Saturday, October 5, 2013
A wonderful creature, Manhattan, known to all her friends as Hattie, a white Greyhound with tan markings, crossed the Rainbow Bridge on Wednesday, October 2. I first met Hattie in the Spring of 2008 the day I met Marilyn and her pack to walk our dogs in a park close to my home. Marilyn's dogs were Franklin, Ruby and Hattie. My dogs were Portia and Bingley. Bingley is the only survivor of that group. Like most of Marilyn's dogs, Hattie was a dog who had had difficulty finding a forever home. She suffered from an auto-immune disorder that made her a little "touchy" and cranky. She required special care, both medically and emotionally. And she was most fortunate that she found Marilyn, one of the best humans in the world for being able and willing to offer that care. Both canine and human health issues have created a long hiatus in Marilyn's and my weekly walks in the park. I am reminded of the line from Emily Dickinson: To make routine a stimulus, remember it can cease. Farewell, dear Hattie. May you run and play free of pain in the meadows beyond the Rainbow Bridge.
Wednesday, October 2, 2013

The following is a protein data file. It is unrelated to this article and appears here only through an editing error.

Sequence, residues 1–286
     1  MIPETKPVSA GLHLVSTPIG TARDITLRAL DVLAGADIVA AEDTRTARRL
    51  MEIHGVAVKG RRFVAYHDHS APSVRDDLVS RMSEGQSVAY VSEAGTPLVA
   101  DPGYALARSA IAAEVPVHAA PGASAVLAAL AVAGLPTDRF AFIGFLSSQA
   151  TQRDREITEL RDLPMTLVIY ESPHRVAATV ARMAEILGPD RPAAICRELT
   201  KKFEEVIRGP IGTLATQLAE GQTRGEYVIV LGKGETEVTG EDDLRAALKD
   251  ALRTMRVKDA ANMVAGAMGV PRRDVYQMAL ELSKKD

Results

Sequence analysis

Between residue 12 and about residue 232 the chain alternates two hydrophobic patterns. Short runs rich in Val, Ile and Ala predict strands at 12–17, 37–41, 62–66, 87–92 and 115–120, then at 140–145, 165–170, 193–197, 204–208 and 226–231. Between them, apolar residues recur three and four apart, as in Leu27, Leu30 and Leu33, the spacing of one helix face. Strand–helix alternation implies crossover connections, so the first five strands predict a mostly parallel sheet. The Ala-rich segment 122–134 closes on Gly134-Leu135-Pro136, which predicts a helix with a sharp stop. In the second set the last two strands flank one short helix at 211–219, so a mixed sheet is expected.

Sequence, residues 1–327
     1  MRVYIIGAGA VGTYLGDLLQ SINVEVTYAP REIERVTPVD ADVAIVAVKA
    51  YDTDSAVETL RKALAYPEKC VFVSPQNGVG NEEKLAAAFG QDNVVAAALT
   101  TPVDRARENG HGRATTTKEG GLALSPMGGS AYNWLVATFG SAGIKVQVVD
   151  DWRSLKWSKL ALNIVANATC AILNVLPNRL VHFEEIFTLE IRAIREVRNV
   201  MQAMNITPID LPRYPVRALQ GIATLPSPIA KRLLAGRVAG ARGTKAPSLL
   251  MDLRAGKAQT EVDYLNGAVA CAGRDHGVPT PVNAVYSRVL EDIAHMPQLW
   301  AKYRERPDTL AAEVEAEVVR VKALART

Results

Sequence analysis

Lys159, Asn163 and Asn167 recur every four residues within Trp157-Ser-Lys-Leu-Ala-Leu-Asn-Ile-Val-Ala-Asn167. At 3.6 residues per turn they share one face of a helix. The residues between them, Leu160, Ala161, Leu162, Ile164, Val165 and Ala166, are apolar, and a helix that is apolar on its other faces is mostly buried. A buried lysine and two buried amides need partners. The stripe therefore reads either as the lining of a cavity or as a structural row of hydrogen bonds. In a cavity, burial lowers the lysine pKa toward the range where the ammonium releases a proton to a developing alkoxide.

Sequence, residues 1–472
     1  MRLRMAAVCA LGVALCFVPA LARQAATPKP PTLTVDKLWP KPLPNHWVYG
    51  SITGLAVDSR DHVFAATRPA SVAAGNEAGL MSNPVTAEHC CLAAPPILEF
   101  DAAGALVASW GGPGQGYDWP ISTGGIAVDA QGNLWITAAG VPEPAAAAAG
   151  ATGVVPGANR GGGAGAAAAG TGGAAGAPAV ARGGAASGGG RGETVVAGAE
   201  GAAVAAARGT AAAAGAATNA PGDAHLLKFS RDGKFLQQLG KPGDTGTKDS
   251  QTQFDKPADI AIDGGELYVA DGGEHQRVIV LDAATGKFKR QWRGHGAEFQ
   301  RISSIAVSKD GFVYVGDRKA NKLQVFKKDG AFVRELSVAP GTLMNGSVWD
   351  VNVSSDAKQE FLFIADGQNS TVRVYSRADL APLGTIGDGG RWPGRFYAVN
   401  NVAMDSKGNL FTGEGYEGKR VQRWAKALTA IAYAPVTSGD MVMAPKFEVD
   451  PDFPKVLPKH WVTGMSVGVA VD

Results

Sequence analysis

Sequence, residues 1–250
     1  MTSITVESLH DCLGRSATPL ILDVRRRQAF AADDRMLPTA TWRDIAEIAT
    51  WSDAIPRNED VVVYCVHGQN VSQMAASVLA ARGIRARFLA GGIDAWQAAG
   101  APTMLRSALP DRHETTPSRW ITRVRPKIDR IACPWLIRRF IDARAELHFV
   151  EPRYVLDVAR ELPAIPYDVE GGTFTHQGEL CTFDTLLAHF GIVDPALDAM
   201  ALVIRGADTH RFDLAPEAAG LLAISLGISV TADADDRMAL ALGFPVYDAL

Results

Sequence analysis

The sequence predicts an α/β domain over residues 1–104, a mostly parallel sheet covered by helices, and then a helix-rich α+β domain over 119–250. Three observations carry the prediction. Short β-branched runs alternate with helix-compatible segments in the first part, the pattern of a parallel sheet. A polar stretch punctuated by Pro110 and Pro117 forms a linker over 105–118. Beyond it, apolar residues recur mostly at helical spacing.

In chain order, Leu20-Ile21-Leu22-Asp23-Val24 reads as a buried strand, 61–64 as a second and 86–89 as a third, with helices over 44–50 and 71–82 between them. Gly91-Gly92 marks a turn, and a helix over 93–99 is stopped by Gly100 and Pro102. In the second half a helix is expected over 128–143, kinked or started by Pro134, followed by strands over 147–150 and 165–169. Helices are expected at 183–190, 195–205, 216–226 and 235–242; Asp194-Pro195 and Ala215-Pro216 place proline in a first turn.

I love dogs of all ages. But, most of all, I love old dogs. After having lost three dogs at relatively young ages, I have been relishing Bingley and Magic. Eighteen months ago, when we discovered that Bingley had heart troubles, my anxiety level went up. But having a veterinarian like Dr. Dorota Pearson has been a great comfort. She has been right on top of things and knows how to minimize the risk of necessary procedures for Bingley. Like most retired racers, Bingley has teeth and gum issues. So every year, he has to be anesthetized to have his teeth cleaned and any needed extractions. Every time one of my dogs has to be anesthetized, my heart is in my throat until they wake up. Sight hounds, and particularly Greyhounds, are notoriously sensitive to anesthesia. Dr. Pearson has really extended herself to minimize the trauma for my hounds. She takes them in for surgery as soon as possible after they arrive, and she discharges them as soon as they show any sign of stress after they wake up. Yesterday was the big day for Bingley's teeth cleaning. I breathed a little easier when I got the call that he was ready to come home and prepared myself and the house for a groggy, stressed dog. Instead, when Bingley came home, he was almost his normal self. Amazing. When Dr. Pearson called a little later to check on his condition, I told her how happy I was. I could almost hear her smile on the telephone. "Good! I tried something new today." When we adopted our first Greyhound eight years ago, we almost switched vets--to the "Greyhound experienced vet" closest to us. But when I called to make an appointment, I was put on hold for a very long time--something that almost never happens to me with Dr. Pearson's well run office. That convinced me to stick with Dr. Pearson, and I am so happy I did. After we moved to our present house, it took us trying four different veterinarians before we settled on one. But it was worth it. If you love your pet, make the effort to find the vet that is right for you.